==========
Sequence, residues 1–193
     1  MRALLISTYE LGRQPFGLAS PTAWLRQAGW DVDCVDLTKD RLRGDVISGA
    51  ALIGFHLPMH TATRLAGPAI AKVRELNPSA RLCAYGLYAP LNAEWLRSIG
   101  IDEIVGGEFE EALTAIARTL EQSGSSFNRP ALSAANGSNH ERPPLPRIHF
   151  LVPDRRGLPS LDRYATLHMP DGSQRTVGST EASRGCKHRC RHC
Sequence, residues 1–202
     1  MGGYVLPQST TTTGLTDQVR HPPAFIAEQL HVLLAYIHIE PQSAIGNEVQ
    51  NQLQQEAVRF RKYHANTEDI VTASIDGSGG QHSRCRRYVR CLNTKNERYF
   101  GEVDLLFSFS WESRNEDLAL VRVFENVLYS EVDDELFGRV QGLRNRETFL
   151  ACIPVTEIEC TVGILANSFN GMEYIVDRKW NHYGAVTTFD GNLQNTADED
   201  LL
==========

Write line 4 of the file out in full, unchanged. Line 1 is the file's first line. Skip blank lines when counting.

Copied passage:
   101  IDEIVGGEFE EALTAIARTL EQSGSSFNRP ALSAANGSNH ERPPLPRIHF